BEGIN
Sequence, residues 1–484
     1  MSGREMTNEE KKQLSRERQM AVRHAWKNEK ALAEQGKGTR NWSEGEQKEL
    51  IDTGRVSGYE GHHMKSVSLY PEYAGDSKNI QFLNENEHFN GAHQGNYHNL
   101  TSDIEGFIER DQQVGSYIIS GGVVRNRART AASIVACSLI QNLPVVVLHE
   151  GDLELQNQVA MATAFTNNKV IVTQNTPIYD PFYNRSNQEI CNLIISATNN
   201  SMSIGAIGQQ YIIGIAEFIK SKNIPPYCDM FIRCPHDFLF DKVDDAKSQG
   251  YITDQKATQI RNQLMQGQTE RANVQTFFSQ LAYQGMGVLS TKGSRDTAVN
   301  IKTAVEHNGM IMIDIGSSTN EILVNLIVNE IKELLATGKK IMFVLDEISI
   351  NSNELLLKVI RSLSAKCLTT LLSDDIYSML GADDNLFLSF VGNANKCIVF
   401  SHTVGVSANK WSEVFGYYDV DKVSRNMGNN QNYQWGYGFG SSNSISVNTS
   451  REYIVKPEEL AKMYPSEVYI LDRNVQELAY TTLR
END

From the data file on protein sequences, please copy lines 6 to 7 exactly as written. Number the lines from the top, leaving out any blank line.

   201  SMSIGAIGQQ YIIGIAEFIK SKNIPPYCDM FIRCPHDFLF DKVDDAKSQG
   251  YITDQKATQI RNQLMQGQTE RANVQTFFSQ LAYQGMGVLS TKGSRDTAVN